The good news is that there are some exceptions to the gifting rules. The following methods are not something to be navigated without the help of an experienced elder law estate planning attorney. Here are some of the exceptions:

Your spouse. The law recognizes that your spouse needs a place to live so a transfer of the home to your spouse does not result in penalties under Medicaid rules. This is a common practice and part of Medicaid planning.

A disabled child. A parent could transfer a house to their disabled child explaining that it is needed for self-support. It is not necessary for a child to lose a home just because a parent will need Medicaid. 

Solution #2: Medicaid Asset Protection Trust 

One of the best ways to protect your assets is to place your assets in a Medicaid Asset Protection Trust. These are also commonly called “income only” trusts because the appointed trustee (normally an adult child) maintains control of the principal, while the Medicaid recipient can only access the income from a pension or Social Security benefits.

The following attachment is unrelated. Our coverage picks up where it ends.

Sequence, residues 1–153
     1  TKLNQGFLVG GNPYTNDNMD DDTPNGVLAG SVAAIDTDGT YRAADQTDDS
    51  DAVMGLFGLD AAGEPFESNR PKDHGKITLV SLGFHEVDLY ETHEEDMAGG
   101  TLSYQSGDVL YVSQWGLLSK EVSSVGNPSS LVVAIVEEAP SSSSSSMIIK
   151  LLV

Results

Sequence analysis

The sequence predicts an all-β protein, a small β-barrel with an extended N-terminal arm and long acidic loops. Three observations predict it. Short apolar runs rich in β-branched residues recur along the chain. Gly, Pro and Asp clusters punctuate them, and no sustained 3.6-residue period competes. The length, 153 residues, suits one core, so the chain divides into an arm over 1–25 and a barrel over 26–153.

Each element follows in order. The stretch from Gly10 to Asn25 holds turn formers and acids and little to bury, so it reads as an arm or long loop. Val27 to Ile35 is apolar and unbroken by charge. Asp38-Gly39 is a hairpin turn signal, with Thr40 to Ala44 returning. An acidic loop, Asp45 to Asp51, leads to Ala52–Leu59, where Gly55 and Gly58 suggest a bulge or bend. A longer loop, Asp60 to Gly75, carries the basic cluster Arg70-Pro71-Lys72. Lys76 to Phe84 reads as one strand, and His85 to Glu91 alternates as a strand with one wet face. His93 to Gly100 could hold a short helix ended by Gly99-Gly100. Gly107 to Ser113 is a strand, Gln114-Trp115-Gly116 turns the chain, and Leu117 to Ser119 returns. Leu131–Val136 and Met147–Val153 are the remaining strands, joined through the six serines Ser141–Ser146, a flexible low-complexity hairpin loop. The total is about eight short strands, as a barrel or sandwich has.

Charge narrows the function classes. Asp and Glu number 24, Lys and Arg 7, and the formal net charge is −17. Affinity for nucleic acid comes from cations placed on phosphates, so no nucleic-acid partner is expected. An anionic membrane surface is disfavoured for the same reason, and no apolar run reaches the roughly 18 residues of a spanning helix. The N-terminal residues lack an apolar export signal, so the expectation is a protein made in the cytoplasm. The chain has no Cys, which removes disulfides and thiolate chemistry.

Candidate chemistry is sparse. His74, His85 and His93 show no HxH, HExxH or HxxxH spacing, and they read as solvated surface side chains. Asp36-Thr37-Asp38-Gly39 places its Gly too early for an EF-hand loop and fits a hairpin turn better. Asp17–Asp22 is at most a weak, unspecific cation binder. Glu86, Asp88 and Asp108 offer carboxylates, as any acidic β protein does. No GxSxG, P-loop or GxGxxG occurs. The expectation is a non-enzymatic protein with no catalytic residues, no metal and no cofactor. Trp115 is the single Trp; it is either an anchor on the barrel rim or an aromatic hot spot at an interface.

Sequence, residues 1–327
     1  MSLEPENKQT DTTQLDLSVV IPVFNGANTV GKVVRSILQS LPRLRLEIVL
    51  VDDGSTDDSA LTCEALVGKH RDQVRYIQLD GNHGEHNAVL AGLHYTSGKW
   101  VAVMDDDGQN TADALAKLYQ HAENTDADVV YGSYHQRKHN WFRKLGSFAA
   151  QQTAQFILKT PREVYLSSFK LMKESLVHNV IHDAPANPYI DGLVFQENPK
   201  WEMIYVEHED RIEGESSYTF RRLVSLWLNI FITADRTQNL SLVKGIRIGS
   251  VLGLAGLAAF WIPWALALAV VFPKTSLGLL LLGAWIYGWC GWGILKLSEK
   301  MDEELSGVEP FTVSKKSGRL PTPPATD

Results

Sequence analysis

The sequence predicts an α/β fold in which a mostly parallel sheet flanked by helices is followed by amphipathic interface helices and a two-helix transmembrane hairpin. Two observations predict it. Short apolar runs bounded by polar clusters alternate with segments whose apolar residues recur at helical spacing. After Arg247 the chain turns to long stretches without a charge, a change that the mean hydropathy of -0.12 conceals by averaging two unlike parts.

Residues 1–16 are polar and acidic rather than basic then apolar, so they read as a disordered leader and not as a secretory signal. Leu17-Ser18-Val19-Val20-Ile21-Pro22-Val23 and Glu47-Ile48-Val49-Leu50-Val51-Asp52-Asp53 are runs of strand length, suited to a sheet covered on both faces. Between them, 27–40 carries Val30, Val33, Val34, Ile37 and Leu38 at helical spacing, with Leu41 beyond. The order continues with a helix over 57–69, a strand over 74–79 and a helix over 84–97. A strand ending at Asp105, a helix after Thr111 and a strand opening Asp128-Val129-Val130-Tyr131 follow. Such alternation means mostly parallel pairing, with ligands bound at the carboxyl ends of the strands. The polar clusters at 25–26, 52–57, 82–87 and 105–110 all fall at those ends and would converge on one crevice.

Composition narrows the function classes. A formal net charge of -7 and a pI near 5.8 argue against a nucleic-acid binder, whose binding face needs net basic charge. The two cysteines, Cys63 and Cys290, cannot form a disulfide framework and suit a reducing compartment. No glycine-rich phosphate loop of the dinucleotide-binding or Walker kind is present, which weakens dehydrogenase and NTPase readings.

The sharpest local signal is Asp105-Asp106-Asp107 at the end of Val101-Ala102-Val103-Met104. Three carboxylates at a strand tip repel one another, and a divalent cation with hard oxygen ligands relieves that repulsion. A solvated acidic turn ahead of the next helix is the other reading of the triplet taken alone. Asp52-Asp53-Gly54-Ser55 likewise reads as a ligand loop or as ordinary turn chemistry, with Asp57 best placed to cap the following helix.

A Medicaid Asset Protection Trust may be a better method for protecting the home if you:

  • Wish to continue living in the home. These trusts offer little to no disruption to a recipient’s life since they keep the exclusive right to use and occupy the home during their lifetime (and continue to receive all the tax exemptions on the home).
  • Are not going directly into care. Any assets transferred into a Medicaid trust are subject to a lookback period of up to five years. After five years, you can still live at home but if you need to go into a nursing home, the full value of your assets in the trust are protected. However, even if you end up needing long-term care earlier than you thought (before the five years) you get credit for any time that has passed since the creation of the trust. For example, if you created the trust today but need nursing home care after four years, then you would only have to pay for the remaining one year out of pocket.
  • Are contemplating selling the house. You will always have the option to sell your house without a Medicaid penalty because the money is paid to the trust. The trustee can also buy a new property (such as a smaller home) in the name of the trust so it remains protected.